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AB0307 Differential association of age and disease activity with carotid intima-media thickness in men and women with rheumatoid arthritis
  1. D Taverner1,
  2. S Paredes1,
  3. R Ferre2,
  4. L Masana2,
  5. A Castro2,
  6. JC Vallve3
  1. 1Rheumatology
  2. 2Internal Medicine
  3. 3Biologyst, Hospital Sant Joan de Reus, Reus, Spain


Background Rheumatoid arthritis (RA) is the most common chronic inflammatory condition and is characterized by an increase risk in cardiovascular (CV) disease. Carotid intima-media thickness (cIMT) is a surrogate marker of CV disease and many studies have evaluated the relationship between cIMT and RA disease activity with contradictory results.

Objectives To evaluate in RA patients the association between both cIMT and carotid plaque presence and clinical RA features and analytical measurements.

Methods We selected 214 RA patients according to the American College of Rheumatology criteria. Conventional clinical evaluation and analytical measurements were performed, including a standard lipid profile. We used My Lab 50 X-Vision sonograph to measure cIMT and atherosclerotic plaque presence

Results No differences between men and women regarding age, body mass index, glycaemia, LDL-C and TG were observed. However, men had a significantly higher waist circumference, systolic and diastolic BP and lower levels of HDLc. On the other hand, women had significantly higher values of DAS28 (3.7 vs 2.99), HAQ, and VSG with no differences in other inflammatory variables (rheumatoid factor, ACPA, CRP or fibrinogen). Moreover, 74% of patients had pathological cIMT without gender differences and 43% had plaque presence in the carotid artery with a significant higher percentage in men (57%) than women (36%). Overall, men had significantly higher cIMT (0.678 vs 0.627 mm) but when disease activity (DAS28) was considered, we observed that such difference was due to patients that were in remission or in low activity. Men and women with moderate and high disease activity had no statistical differences in cIMT. Furthermore, across women cIMT was significantly higher in those with high disease activity compared with remission. This effect was not observed in men. Multivariate linear regression with cIMT showed a significant interaction between age and gender, so that the effect of age on cIMT was significantly more pronounced in men than in women.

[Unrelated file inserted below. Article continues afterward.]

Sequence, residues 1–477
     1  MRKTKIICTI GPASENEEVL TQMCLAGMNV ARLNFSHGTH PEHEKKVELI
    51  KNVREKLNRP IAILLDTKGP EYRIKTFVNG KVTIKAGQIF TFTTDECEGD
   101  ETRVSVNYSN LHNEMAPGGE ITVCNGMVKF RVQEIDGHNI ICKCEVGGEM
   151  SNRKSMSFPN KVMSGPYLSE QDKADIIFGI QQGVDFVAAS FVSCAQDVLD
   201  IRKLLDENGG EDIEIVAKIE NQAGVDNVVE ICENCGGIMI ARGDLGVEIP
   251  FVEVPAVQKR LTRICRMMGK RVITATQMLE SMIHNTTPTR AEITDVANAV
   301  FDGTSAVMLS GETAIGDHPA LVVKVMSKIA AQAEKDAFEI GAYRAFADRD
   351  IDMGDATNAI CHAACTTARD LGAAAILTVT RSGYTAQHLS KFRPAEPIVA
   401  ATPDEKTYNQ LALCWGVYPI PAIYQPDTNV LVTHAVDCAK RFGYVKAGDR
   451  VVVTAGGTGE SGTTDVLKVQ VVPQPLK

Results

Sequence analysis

Conclusions We have described that in our RA cohort, disease activity measured with DAS28 and age are differentially associated with cIMT in men and women. Our results could explain the contradictory results published in the literature and it can be justified by a higher incidence of RA in women and by the hormonal-genetic status.

Disclosure of Interest None declared

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